In many respects, even without any type of marketing or advertising, loan demand continued to grow every year.
Despite this, as investors, we continued to see banking like every other business even though the rules on how they operate is completely different.
We did not see that it is a significant problem when there is slow growth in the economy as this will affect the banking sector whose asset base is primarily made up of loans that may never be paid back.
The banking sector is now facing a real existential threat from the Fintech industry which has begun to pick out functions that was once the exclusive domain of banks and have added good marketing to their mix to create exceptional products that eclipses similar offerings from the banks.
These products include payments, money transfers, loans, investments services, corporate finance, trade finance and much more.
We are seeing a gutting of the banking sector from within and from the surface, it still looks healthy and its shell is well polished but beneath the glistening shell lies an industry that does not know how to compete in the market place because it has never had to do so.
They had a monopoly on intermediation of funds but now, a whole host of new companies have entered the market like Lending Club LC and many more. Furthermore, we are seeing large companies like Apple, Amazon AMZN and IBM among others encroaching on what were traditional banking territory.
As investors, we have become used to looking for external triggers and cues relating to operational and profitability challenges in banks rather than looking inwardly and using the right metrics to measure bank effectiveness.
Instead of simply using leverage ratios, ROI, ROCE and others which essentially gives us the fruits, rather we should also use metrics like overall consumer satisfaction, online engagement, ease of use, thought leadership and innovation because these are the metrics through which we judge most Fintech companies.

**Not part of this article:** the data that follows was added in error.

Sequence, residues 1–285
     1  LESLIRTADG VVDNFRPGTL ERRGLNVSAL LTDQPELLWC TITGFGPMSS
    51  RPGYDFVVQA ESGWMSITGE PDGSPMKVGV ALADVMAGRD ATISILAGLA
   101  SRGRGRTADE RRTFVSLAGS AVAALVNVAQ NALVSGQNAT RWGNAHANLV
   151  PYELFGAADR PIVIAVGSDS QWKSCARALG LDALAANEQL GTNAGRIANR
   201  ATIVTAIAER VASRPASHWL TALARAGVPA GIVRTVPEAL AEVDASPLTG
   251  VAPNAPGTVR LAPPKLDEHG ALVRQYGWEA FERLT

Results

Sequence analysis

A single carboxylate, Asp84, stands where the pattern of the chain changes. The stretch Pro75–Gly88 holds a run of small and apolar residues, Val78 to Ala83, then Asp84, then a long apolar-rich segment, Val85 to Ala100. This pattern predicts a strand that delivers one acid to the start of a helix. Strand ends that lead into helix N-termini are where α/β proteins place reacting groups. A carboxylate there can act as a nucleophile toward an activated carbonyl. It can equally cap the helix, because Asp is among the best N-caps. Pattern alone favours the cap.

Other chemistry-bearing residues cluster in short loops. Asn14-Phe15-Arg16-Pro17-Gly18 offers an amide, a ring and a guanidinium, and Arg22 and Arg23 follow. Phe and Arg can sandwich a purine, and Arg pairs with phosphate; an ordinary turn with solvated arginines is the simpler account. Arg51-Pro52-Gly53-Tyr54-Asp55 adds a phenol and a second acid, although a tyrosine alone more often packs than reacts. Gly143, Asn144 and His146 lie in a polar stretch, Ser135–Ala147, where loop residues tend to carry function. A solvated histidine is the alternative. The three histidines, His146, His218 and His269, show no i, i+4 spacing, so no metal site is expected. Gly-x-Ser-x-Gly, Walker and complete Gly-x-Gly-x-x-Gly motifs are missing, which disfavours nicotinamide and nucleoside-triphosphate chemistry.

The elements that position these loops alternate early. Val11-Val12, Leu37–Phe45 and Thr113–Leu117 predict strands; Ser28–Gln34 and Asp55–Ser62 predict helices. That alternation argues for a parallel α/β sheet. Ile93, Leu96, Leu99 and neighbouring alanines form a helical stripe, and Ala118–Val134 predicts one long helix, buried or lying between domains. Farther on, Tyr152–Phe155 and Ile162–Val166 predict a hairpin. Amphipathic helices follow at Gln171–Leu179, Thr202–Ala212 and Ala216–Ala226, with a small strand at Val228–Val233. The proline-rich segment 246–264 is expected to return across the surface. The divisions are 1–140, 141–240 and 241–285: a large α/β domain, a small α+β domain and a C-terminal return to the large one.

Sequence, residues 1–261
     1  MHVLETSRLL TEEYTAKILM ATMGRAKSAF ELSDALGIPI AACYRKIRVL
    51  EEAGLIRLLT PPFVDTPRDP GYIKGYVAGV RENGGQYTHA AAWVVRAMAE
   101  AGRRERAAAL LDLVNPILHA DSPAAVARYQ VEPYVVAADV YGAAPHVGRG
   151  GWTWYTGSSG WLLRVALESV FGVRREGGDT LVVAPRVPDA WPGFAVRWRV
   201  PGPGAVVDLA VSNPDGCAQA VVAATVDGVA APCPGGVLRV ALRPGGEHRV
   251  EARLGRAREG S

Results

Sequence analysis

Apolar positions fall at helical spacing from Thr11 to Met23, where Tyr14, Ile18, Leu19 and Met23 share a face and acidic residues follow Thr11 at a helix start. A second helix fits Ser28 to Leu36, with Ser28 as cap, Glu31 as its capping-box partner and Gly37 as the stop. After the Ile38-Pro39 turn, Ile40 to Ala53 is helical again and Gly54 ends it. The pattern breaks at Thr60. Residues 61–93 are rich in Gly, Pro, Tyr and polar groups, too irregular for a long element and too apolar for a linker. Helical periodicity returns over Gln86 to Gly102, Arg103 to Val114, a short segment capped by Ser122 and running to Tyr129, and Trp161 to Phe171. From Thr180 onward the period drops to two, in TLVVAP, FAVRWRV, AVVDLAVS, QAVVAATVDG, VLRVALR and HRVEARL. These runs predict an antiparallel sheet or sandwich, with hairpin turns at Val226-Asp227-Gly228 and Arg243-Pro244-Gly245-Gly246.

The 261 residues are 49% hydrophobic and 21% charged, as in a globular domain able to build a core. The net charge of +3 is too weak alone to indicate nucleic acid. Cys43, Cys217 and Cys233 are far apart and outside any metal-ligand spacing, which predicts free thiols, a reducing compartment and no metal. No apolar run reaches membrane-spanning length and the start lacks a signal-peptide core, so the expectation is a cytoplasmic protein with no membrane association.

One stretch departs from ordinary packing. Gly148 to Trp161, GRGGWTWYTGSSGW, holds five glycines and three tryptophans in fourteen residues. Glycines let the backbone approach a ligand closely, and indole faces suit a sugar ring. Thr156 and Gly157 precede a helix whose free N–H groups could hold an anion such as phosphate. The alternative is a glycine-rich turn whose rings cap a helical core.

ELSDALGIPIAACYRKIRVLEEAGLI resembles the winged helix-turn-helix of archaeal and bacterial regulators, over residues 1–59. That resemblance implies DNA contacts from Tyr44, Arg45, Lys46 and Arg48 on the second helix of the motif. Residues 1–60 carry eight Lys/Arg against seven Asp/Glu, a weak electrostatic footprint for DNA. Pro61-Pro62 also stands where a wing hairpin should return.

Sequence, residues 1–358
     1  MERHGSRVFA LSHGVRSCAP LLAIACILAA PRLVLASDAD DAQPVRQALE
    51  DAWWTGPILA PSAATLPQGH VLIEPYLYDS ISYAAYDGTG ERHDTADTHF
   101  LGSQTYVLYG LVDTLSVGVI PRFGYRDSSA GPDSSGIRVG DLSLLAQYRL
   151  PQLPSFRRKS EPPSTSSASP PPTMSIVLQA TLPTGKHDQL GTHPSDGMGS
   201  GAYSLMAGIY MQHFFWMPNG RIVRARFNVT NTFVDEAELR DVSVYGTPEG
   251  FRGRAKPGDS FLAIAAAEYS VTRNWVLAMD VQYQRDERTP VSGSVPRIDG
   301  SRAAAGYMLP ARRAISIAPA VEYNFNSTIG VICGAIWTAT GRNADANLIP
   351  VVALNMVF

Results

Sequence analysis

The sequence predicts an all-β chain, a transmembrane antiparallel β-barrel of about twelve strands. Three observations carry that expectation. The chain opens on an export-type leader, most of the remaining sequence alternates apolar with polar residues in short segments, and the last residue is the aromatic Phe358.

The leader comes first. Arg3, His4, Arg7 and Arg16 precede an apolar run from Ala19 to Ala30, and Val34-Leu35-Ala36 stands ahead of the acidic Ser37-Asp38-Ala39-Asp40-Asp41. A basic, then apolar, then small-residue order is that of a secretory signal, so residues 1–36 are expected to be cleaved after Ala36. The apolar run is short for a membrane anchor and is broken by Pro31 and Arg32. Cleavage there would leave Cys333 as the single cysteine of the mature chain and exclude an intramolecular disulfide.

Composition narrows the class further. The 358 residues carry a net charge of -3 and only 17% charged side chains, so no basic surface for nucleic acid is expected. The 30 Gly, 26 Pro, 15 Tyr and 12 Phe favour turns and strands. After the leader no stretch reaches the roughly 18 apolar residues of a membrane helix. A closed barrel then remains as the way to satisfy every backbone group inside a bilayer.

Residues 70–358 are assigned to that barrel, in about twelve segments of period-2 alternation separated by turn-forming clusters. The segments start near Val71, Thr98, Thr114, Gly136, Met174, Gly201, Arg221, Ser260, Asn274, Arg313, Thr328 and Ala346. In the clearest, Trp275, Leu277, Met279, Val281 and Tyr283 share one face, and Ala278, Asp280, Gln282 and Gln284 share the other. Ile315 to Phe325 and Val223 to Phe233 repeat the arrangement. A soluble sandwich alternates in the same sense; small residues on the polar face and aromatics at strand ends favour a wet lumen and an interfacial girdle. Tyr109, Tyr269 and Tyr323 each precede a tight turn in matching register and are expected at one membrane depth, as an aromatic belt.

When we are able to do this, we will begin to see a very interesting picture take shape because traditional commercial banking is dying, the Fintech industry is also growing but the commercial banks are the dinosaurs in the industries who have not recognized that they need to change with the industry.
It is not my intention to assert that Fintech is amazing and everyone should abandon their banks and so on because as in any rapidly growing sector, it is having growing pains that has come from the burden of shoulder the responsibility to finance healthy global economic growth.
In the meantime, I will suggest that investors with holdings in ETFs like KBE that has exposure to developed markets banking sector sell their holdings and shift into safer instruments like utilities ETFs such as IDU.
Disclosure: I/we have no positions in any stocks mentioned, and no plans to initiate any positions within the next 72 hours.
I wrote this article myself, and it expresses my own opinions. I am not receiving compensation for it (other than from Seeking Alpha). I have no business relationship with any company whose stock is mentioned in this article.